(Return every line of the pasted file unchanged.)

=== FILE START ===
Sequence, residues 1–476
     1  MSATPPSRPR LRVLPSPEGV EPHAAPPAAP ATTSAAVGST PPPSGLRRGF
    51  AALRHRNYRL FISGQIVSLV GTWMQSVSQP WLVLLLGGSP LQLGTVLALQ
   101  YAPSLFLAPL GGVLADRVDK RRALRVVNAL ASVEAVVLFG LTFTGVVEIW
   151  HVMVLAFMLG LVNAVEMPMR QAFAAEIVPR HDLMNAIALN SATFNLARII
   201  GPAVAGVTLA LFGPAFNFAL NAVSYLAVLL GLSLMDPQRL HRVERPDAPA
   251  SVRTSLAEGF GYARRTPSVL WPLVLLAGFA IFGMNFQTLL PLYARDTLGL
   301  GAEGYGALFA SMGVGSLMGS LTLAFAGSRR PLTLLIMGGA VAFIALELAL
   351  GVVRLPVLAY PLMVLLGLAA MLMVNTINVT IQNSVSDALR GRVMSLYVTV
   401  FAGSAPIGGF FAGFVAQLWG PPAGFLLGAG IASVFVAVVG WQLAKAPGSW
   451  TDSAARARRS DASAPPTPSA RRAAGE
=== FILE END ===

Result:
Sequence, residues 1–476
     1  MSATPPSRPR LRVLPSPEGV EPHAAPPAAP ATTSAAVGST PPPSGLRRGF
    51  AALRHRNYRL FISGQIVSLV GTWMQSVSQP WLVLLLGGSP LQLGTVLALQ
   101  YAPSLFLAPL GGVLADRVDK RRALRVVNAL ASVEAVVLFG LTFTGVVEIW
   151  HVMVLAFMLG LVNAVEMPMR QAFAAEIVPR HDLMNAIALN SATFNLARII
   201  GPAVAGVTLA LFGPAFNFAL NAVSYLAVLL GLSLMDPQRL HRVERPDAPA
   251  SVRTSLAEGF GYARRTPSVL WPLVLLAGFA IFGMNFQTLL PLYARDTLGL
   301  GAEGYGALFA SMGVGSLMGS LTLAFAGSRR PLTLLIMGGA VAFIALELAL
   351  GVVRLPVLAY PLMVLLGLAA MLMVNTINVT IQNSVSDALR GRVMSLYVTV
   401  FAGSAPIGGF FAGFVAQLWG PPAGFLLGAG IASVFVAVVG WQLAKAPGSW
   451  TDSAARARRS DASAPPTPSA RRAAGE